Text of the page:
Heloise for 8/20
Dear Readers: Do you have paper money that has seen better days, or have you found some hidden away? There is a way to replace those torn bills or ones that are in a deteriorated condition, and the U.S. Treasury Department has a few guidelines:
• If you have at least half a bill, try taking it to your bank or credit union, which should be able to replace it.
• No matter what condition the paper money is in, try not to disturb it. However the currency was found is how it should be sent for replacement. If you found it flat, do not roll it. If it was rolled, do not try to straighten it.
• For a replacement, mail the money to: Bureau of Engraving & Printing, MCD/OFM, Room 344A, P.O. Box 37048, Washington, DC 20013. Insure the package for the amount of the money you are sending, and mail it via registered mail with a return receipt requested. Allow at least eight weeks for your request to be processed, but it can take much longer (six to 24 months).
For more information, call 866-575-2361 or 202-874-2141. -- Heloise
P.S.: You can deliver it in person to the bureau.
Dear Heloise: I was visiting my sister and wanted to touch up my nails before we headed out to dinner. She pointed to her coat closet, where she had a hanging shoe bag (one with many clear pockets). The shoe bag was filled with nail polish, files, clippers and remover! It was so perfectly organized, I couldn't believe it. It took no time to find what I was looking for. I definitely will be putting one in my house when I return! -- Margret H. in Colorado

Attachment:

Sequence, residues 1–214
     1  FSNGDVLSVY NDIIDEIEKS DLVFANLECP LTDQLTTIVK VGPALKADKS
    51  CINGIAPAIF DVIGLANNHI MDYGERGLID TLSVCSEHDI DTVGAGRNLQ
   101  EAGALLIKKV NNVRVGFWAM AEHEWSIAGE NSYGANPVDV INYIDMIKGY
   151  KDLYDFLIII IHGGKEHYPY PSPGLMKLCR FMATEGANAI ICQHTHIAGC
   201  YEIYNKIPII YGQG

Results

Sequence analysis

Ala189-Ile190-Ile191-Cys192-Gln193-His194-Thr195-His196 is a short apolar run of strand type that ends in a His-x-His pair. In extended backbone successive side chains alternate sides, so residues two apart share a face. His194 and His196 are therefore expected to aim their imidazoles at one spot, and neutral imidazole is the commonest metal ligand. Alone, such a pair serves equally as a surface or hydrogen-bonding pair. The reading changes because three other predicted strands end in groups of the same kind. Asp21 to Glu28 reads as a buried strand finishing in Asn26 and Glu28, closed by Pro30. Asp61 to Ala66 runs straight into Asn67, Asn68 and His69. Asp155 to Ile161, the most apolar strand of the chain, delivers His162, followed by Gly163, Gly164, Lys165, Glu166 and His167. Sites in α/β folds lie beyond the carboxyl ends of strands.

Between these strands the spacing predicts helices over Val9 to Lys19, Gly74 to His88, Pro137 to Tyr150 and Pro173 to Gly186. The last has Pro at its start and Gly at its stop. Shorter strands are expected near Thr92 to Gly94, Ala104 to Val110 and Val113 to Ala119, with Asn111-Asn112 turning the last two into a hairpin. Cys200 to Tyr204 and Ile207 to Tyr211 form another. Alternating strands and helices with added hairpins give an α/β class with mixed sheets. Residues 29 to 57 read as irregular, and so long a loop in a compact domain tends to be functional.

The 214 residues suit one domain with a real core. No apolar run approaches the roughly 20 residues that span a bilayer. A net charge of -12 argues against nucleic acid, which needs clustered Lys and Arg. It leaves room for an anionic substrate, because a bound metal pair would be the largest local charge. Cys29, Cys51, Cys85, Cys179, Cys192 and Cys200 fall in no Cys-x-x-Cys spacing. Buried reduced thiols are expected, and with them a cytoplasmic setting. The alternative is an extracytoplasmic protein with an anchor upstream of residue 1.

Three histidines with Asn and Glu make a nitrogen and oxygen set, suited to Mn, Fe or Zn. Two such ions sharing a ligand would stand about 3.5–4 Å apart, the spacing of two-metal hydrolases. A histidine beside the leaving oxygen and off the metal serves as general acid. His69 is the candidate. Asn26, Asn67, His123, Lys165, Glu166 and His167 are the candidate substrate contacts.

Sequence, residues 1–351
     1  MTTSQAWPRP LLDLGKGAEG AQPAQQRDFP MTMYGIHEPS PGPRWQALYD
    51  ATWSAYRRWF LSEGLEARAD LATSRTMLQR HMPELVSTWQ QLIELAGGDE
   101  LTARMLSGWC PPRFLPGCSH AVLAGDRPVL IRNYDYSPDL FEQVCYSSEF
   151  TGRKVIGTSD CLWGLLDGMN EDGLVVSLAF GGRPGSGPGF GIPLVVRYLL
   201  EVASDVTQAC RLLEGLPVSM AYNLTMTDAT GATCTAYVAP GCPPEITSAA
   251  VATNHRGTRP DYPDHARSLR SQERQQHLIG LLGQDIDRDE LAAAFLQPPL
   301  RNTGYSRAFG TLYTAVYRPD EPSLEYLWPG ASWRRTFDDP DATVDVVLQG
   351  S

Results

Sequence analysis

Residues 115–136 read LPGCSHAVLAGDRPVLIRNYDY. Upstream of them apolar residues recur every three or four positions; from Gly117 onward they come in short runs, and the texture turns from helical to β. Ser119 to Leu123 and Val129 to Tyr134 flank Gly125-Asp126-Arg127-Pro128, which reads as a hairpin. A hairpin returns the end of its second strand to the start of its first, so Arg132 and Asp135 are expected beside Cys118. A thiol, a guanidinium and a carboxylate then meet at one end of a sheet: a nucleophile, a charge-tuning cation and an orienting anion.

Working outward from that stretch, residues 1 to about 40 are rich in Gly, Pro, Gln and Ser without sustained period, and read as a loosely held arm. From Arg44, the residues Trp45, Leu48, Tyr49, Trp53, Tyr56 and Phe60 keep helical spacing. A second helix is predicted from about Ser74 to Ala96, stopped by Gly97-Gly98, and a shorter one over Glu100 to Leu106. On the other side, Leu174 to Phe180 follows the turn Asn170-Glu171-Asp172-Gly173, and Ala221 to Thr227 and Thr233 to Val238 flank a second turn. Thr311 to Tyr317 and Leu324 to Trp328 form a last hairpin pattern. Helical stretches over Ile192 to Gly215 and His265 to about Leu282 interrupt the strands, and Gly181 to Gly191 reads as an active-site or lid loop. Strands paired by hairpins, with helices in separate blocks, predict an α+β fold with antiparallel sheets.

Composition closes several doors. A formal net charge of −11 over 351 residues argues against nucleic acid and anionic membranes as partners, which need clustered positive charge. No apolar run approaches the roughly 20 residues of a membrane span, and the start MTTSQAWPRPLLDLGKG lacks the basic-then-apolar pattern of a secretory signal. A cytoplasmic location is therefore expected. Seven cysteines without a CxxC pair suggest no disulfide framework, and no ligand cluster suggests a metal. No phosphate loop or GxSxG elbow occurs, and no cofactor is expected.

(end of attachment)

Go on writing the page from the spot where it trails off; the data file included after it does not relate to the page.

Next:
Dear Heloise: One evening, I put half a dental-cleaning tablet in my hand to put in a dental cup. I also had taken out a vitamin tablet that I take at night. I mistakenly put the dental tablet in my mouth. I didn't worry, as I thought if the tablet is for the partial in my mouth, it should be safe. Wrong!
During the night, I had terrible stomach cramps and nausea. When I researched swallowing dental-cleaning tablets, I found that they are highly toxic! Please warn your readers, especially those with elderly parents or relatives in nursing homes. I have switched to using baking soda and water to soak my partial. -- Louise K., Portage, Ind.
You just did warn them! Thank you for writing. -- Heloise
Dear Heloise: As an avid camper, I'm always looking for ways to make the experience easier on me and my family. After getting rained on one weekend, my son and I were set on finding ways to waterproof everything. He thought to keep our matches dry in pill bottles and to store spices in empty mint containers. It keeps them dry and separate from all our other supplies! -- Roy F. in Washington